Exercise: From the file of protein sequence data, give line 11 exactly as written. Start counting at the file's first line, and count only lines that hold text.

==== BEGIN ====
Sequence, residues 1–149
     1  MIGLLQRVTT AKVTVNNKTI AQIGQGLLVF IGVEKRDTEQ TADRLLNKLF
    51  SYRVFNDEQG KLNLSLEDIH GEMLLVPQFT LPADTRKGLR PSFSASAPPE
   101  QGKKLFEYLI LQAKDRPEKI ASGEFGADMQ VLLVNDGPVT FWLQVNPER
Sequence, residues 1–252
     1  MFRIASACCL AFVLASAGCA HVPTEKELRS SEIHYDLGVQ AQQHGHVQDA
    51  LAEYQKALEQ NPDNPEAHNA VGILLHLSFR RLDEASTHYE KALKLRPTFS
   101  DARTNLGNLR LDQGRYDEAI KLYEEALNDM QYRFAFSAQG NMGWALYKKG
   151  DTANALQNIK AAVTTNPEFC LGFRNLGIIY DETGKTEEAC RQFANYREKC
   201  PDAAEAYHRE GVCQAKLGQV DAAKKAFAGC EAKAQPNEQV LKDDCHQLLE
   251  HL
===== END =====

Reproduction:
   251  HL